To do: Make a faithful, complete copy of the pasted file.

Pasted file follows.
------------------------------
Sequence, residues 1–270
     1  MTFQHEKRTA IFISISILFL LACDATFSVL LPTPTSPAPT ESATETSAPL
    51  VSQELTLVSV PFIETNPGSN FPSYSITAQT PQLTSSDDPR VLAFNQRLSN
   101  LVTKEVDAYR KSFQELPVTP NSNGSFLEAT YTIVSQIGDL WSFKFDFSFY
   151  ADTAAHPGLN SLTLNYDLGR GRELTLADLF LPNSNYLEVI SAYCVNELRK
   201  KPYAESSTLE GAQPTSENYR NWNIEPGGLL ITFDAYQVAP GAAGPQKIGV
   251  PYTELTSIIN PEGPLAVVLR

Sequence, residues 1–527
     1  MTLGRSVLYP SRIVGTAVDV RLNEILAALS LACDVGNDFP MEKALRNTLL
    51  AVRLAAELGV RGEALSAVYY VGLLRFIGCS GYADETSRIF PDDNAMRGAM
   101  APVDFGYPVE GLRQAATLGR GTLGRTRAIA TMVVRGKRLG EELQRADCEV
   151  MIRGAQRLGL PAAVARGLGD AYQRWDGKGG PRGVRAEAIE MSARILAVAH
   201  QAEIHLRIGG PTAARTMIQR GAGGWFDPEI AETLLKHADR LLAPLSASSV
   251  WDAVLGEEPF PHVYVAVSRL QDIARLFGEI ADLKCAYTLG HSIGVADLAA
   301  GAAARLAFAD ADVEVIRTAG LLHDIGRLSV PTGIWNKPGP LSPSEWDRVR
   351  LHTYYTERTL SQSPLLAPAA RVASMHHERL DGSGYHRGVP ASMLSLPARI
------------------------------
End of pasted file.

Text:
Sequence, residues 1–270
     1  MTFQHEKRTA IFISISILFL LACDATFSVL LPTPTSPAPT ESATETSAPL
    51  VSQELTLVSV PFIETNPGSN FPSYSITAQT PQLTSSDDPR VLAFNQRLSN
   101  LVTKEVDAYR KSFQELPVTP NSNGSFLEAT YTIVSQIGDL WSFKFDFSFY
   151  ADTAAHPGLN SLTLNYDLGR GRELTLADLF LPNSNYLEVI SAYCVNELRK
   201  KPYAESSTLE GAQPTSENYR NWNIEPGGLL ITFDAYQVAP GAAGPQKIGV
   251  PYTELTSIIN PEGPLAVVLR

Sequence, residues 1–527
     1  MTLGRSVLYP SRIVGTAVDV RLNEILAALS LACDVGNDFP MEKALRNTLL
    51  AVRLAAELGV RGEALSAVYY VGLLRFIGCS GYADETSRIF PDDNAMRGAM
   101  APVDFGYPVE GLRQAATLGR GTLGRTRAIA TMVVRGKRLG EELQRADCEV
   151  MIRGAQRLGL PAAVARGLGD AYQRWDGKGG PRGVRAEAIE MSARILAVAH
   201  QAEIHLRIGG PTAARTMIQR GAGGWFDPEI AETLLKHADR LLAPLSASSV
   251  WDAVLGEEPF PHVYVAVSRL QDIARLFGEI ADLKCAYTLG HSIGVADLAA
   301  GAAARLAFAD ADVEVIRTAG LLHDIGRLSV PTGIWNKPGP LSPSEWDRVR
   351  LHTYYTERTL SQSPLLAPAA RVASMHHERL DGSGYHRGVP ASMLSLPARI